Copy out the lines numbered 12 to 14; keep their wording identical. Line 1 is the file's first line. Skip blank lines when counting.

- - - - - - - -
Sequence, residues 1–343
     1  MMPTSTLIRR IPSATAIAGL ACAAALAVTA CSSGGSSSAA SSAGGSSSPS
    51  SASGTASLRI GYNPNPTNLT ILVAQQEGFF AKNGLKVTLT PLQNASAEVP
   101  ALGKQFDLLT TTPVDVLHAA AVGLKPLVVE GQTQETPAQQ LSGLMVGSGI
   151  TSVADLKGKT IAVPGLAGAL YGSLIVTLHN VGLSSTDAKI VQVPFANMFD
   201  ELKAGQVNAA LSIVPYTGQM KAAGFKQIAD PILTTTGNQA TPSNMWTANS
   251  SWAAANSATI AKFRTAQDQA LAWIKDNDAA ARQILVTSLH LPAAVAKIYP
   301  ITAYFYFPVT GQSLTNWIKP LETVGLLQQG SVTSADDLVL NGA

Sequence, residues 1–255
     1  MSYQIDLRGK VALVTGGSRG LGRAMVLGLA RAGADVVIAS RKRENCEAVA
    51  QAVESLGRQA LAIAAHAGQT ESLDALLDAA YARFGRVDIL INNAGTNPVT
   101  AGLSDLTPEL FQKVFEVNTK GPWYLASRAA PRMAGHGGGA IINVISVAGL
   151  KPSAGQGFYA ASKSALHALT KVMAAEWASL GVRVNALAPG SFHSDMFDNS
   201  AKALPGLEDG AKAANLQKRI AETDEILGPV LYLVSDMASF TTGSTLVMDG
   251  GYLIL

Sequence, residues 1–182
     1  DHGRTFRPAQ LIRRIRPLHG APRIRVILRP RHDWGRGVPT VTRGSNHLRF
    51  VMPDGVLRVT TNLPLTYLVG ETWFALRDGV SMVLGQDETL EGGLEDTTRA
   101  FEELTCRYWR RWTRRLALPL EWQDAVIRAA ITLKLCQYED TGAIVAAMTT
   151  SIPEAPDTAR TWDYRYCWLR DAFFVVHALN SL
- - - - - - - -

   101  AGLSDLTPEL FQKVFEVNTK GPWYLASRAA PRMAGHGGGA IINVISVAGL
   151  KPSAGQGFYA ASKSALHALT KVMAAEWASL GVRVNALAPG SFHSDMFDNS
   201  AKALPGLEDG AKAANLQKRI AETDEILGPV LYLVSDMASF TTGSTLVMDG